Was the World's Fair held in San Francisco in 1918?greenspun.com : LUSENET : San Francisco History : One Thread
Was the World's Fair held in San Francisco in 1918?
-- Kay Doane (email@example.com), December 11, 1997
Nope. Not in 1918. You're probably thinking of the 1915 Panama Pacific International Exposition. That fair was located along the bayshore in what is today's Marina District, stretching from Van Ness Avenue to near Fort Point.
-- anon (firstname.lastname@example.org), December 26, 1997.
There was some kind of fair besides the Panama Exposition - I think in the 30's. They filled in what is now Treasure Island for it, but can't remember details.
-- Necessary? (email@example.com), January 06, 1999.
I have an original copy of the, 'official souvenir view book of the panama-pacific international exposition at san francisco 1915' Is this worth much in terms of $$$$?.
-- Samuel Michael Smith (firstname.lastname@example.org), March 27, 1999.
Three World's Fairs have been held in San Francisco. The first, the California Midwinter International Exposition, was from January 27- July 4, 1894, and was conceived by Michael H. de Young, after visiting Chicago's Columbian Exposition of 1893. It was located in Golden Gate Park, in the central area where the de Young Museum and the Academy of Sciences are housed. Many artifacts can be found dating from that time, including the musical concourse and various statues, such as the big cats at the Eighth Avenue and Fulton entrance.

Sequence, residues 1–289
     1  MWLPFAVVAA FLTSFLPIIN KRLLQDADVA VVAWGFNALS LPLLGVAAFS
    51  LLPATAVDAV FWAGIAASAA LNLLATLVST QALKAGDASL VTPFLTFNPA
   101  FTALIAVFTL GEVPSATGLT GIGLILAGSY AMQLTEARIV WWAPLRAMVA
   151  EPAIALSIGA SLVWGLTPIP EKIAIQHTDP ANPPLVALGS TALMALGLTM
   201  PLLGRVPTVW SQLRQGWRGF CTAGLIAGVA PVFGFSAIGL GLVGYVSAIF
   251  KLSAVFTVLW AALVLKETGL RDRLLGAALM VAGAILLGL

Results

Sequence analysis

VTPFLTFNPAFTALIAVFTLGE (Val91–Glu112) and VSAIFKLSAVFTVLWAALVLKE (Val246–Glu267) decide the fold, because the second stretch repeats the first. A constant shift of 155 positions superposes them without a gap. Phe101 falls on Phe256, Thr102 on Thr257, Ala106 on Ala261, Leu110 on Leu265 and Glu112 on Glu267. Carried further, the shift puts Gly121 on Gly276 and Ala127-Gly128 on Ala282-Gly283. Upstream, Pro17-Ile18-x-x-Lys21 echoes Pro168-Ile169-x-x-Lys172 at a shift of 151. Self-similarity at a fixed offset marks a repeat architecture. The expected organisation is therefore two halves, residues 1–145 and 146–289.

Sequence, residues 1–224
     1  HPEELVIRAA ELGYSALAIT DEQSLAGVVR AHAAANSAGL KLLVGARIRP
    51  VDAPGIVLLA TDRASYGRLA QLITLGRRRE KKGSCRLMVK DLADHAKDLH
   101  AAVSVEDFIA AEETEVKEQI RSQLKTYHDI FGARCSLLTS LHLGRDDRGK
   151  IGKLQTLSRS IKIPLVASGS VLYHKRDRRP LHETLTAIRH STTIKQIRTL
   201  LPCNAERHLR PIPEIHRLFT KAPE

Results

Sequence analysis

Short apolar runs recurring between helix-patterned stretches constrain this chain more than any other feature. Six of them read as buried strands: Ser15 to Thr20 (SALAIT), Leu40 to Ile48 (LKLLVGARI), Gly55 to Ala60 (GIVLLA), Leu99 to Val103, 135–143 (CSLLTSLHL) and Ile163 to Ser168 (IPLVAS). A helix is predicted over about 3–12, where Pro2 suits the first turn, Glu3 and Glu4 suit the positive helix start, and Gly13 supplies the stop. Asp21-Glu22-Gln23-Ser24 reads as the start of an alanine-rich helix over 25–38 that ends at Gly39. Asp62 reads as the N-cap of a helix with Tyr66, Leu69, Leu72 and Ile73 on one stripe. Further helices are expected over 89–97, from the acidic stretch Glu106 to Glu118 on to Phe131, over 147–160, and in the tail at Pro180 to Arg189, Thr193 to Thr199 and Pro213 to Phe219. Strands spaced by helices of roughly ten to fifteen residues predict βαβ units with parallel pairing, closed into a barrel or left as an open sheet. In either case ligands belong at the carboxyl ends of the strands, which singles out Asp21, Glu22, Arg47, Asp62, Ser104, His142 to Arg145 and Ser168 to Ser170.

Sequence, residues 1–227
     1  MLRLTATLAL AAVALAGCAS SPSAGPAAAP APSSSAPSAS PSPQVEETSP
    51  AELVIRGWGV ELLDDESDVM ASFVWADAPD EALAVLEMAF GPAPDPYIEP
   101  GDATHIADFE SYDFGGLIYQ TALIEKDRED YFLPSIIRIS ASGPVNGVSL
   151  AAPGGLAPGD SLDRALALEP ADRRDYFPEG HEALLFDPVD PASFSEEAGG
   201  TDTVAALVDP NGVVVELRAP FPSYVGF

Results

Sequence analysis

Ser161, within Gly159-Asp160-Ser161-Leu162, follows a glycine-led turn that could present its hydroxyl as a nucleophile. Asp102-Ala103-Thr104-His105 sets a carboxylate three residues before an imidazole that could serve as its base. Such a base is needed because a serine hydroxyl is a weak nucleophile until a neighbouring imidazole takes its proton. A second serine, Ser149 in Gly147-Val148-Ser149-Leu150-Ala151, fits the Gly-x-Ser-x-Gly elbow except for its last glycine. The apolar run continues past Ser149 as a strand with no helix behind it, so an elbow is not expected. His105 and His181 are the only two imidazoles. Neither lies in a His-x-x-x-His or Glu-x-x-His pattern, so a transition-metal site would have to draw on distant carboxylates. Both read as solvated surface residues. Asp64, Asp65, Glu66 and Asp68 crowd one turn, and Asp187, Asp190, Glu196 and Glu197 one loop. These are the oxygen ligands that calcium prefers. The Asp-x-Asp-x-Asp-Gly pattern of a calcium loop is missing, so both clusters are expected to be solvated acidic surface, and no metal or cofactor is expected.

The second fair, the Panama-Pacific International Exposition, was held from February 20-December 4, 1915. It was a celebration of the "Phoenix" or the City rising from the ashes of the 1906 Earthquake and Fire, as well as to commemorate the completion of the Panama Canal. This fair was held in a reclaimed area now known as the Marina District. Due to the fact that this area was created using landfill, there was much damage in the 1989 Loma Prieta earthquake. The most prominent feature of this fair which still stands is the Palace of Fine Arts, home of the Exploratorium.
The third fair (which was actually in two parts) was from February 1939-September 1940. The original fair was from February 18-October 6, 1939 and was a celebration of the opening of the Golden Gate and Bay Bridges. The fair was so successful, it was revived the next year from May 25-September 29, 1940. This fair was situated on Treasure Island, linked to Yerba Buena Island, which connects the eastern and western sections of the Bay Bridge.
-- Robert Summers (email@example.com), March 29, 1999.